ROGEltS V. WM. ROGERS MANUF'G CO.
the reported cases upon this portion of the law of trade-marks are collected. The order of the circuit court is sustained, with costs of this court. WALLACE, Circuit Judge. I place my concurrence in the judgment in this cause upon the broad ground that a body of associates who organize a corporation for manufacturing and selling a particular product are not lawfully entitled to employ as their corporate name in that business the name of one of their number when it appears that such name has been intentionally selected in order to compete with an established concern of the same name, engaged in similar business, and divert the latter's trade to themselves by confusing the identity of the products of both, and leading purchasers to buy those of one for those of the other. No person is permitted to use his own in such manner as to inflict an unnecessary injury upon another. The corporators chose the name unnecessarily, and, having done so for the purpose of unfair competition, be permitted to use it to the injury of the complainant. .
ROGERS v. WM. ROGERS MANUF'G CO. (CirCUit Court of Appeals, Second Circuit. December 18, 1895.)
TRADE- NAME-IN.JUNCTION AGAINST USE.
The mere fact that one knows that cheap goods sold by him to the trade, stamped with his name, can and will be sold by dishonest dealers under representations that are manufactured by a company of established reputation having a similar name, which manufactures a high class of goods, does not justify an injunction against the use of such stamp.
Appeal by the defendant from an order of the circuit court for the Eastern district of New York, which granted an injunction pendente lite against the defendant's causing to be manufactured or selling silver-plated ware stamped with the words "Wm. A. Rogers." The order was obtained upon the ground that by the use of this stamp upon the back of silver-plated ware the defendant was endeavoring to deceive the public into the belief that the goods were genuine Rogers goods, to the injury of the complainant. The history of the trade-name "Rogers," and the law upon the subject, have been briefly .given in R. W. Rogers Co. v. Wm. Rogers Manuf'g Co. (which was de cided at the present term) 70 Fed. 1017. Wm. C. Beecher, for appellant. Chas. E. Mitchell and Hiram R. Mills, for appellee. Before WALLACE and SHIPMAN, Circuit Judges. SHIPMAN, Circuit Judge. William A. Rogers has sold for a number of years, in the city of New York, small hardware and cheap spoons. In July, 1894, he engaged R. Wallace & Sons Manufacturing Company, a manufacturer of silver-plated ware, to make for him and prepare for market teaspoons, tablespoons, and forks plated upon steel. They were put up in boxes of the ordinary size and ilhape uf!ed for similar ware, which were labeled, "Wm. A. Rogers, N. Y.," and the stamp "Wm. A. Rogers" was upon the back of each
article. They were called "Brunswick," and were the cheapest known grade of silver-plated ware. The manufacturer made and sold the same grade of goods at a very cheap price under the name of "Victoria." The defendant sold the Brunswick at a low price, but higher than the manufacturer asked for his Victoria, and fOl' one·fourth or one-fifth of the price which the complainant obtains In October, 1894, Rogers stopped for its genuine Rogers the manufacture of Brunswick goods, because they were too poor, and obtained goods which he named "Belmont," which were also of a low grade, but of a better quality than the Brunswick, and were labeled and stamped in the same way. There are indications in the affidavits that he was trading upon his own name to deceive the in one of his letters, which gave his prices, public. For and solicited business, he saysj "These prices way below any of the Rogers now on the market,and you will find them, at these prices, Of the same kind he says, "Prices big sellers." In another way belQw any Rogers goods on the market." On the other hand, he said in another' letter, "In regard to saying they are as good as the other Wm. Rogers, I cannot say that, as neither is the price." He undoubtedly knew that the stamp could and would be used by dishonest peddlers and dealers In cheap ware to deceive customers, 'but the affidavits do not afford sufficient basis for a finding that he started in the business and used the stamp for the purpose of mak· ing the public believe that his washed-steel Brunswick goods were genuine Rogers goods. There are some indicia of an unworthy purpose to gain an advantage from a name well known to the pur· chasers of silver-plated ware, but the affidavits do not contain suffi· cient facts to justify the conclusion that Rogers was using bis name unfairly and dishonestly in the business in which he was entitled to use it The order of the circnit conrt is reversed, with costs.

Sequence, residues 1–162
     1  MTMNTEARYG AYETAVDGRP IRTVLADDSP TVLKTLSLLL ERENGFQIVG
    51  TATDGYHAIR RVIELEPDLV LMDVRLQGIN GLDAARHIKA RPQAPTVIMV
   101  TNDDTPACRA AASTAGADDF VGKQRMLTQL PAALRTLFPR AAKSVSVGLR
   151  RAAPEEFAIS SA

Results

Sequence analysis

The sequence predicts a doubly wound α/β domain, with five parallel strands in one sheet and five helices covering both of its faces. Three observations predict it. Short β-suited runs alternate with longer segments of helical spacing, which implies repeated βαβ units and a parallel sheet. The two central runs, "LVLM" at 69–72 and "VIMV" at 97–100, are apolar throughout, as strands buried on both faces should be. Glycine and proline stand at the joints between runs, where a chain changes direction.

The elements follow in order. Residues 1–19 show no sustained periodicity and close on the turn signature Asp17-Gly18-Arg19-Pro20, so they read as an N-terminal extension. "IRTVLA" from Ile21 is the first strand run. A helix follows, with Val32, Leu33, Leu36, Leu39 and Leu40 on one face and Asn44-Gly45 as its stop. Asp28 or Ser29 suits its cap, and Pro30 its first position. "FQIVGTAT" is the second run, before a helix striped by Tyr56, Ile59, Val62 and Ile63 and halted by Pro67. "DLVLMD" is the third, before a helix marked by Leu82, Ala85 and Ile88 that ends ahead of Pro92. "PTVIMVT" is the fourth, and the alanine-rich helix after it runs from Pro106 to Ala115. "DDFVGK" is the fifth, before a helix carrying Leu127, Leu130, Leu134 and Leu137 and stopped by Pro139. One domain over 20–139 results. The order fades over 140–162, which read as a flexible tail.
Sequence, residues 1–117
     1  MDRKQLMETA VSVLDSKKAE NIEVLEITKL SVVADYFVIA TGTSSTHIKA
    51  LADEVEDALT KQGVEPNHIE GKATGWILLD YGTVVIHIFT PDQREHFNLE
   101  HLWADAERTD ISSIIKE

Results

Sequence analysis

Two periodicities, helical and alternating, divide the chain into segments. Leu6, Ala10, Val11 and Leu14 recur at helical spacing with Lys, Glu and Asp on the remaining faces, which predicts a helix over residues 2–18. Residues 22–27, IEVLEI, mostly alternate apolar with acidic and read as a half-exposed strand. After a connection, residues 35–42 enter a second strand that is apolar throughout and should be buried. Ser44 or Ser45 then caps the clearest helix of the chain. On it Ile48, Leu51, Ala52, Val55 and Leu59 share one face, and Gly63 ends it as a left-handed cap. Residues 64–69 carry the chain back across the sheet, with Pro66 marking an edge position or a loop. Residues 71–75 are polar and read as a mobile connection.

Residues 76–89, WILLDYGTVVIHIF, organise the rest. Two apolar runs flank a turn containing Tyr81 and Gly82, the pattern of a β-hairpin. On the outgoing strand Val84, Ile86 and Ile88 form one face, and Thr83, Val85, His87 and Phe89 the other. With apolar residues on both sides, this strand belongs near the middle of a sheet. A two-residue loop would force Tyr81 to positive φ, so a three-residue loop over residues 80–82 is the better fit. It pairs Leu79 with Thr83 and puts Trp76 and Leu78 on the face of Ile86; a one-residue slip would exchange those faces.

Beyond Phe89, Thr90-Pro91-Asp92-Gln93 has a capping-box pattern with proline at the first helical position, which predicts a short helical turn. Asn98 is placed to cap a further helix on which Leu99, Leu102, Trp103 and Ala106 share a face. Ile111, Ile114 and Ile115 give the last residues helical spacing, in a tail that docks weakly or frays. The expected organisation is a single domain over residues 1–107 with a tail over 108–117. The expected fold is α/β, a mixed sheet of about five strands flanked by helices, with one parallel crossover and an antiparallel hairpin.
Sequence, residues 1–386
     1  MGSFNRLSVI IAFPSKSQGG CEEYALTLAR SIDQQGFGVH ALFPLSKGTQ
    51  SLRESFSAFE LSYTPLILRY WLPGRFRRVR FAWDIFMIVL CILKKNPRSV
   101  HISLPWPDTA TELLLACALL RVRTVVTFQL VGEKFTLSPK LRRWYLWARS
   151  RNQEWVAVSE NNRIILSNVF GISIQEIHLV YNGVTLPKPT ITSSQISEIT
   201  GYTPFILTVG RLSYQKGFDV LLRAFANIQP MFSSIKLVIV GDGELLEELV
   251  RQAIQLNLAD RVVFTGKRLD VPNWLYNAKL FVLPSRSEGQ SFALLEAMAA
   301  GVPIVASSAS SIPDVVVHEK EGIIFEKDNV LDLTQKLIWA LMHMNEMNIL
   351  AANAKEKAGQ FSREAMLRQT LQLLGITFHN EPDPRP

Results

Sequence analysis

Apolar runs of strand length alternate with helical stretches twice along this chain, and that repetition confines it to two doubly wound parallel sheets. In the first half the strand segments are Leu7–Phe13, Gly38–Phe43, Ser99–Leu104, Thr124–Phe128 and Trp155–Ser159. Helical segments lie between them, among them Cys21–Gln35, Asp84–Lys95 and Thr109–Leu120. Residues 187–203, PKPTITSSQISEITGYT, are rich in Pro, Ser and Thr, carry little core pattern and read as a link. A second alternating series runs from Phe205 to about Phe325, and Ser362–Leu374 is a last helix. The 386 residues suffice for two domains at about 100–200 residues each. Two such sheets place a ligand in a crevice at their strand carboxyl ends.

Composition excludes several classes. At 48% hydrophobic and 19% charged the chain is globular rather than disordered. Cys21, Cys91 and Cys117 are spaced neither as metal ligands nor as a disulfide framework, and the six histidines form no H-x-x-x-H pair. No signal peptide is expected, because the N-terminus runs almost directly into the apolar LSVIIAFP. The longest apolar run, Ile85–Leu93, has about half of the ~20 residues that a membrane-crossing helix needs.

CLARK v. FIVE FIVE BErt et al. (Circuit Court ot Appeals, Circuit. No. 136. FEET OF Lm[21, IS05,)
JURISDICTION-LIE:; FOR FREIGUT-GARNISII)IE:'i1'
A libel In rem against cargo to recover freight was filed oefore dIscharge and delivery, and consequently before the freIght was due. Subsequently, [n an action agaInst libelant In a state court, garnishment process was Is· sued and served upon the consIgnee. Thereafter he obtained possession ot the cargo by gIving bond for Its value In the admIralty COUl't, and then paId the freIght Into the state court. lldd, that the seIzure of the cargo under the libel gave the federal court pMorand paramount jurisdiction, that the freight became payable thereIn on the delivery of the cargo, and that the subsequent payment Into tne state court was no defense. Baker, DistrIct Judge, dIssentIng. 12 C. C· .1. 628, 65 Fed. 236, reaffirmed.
IN STATE COUR'f.
Appeal from the District Court of the United States for the .k'forthern District of Illinois. This was a libel by Frank Clark, owner of the steam barge Maggie Duncan, against 505,000 feet of lumber, constituting hel"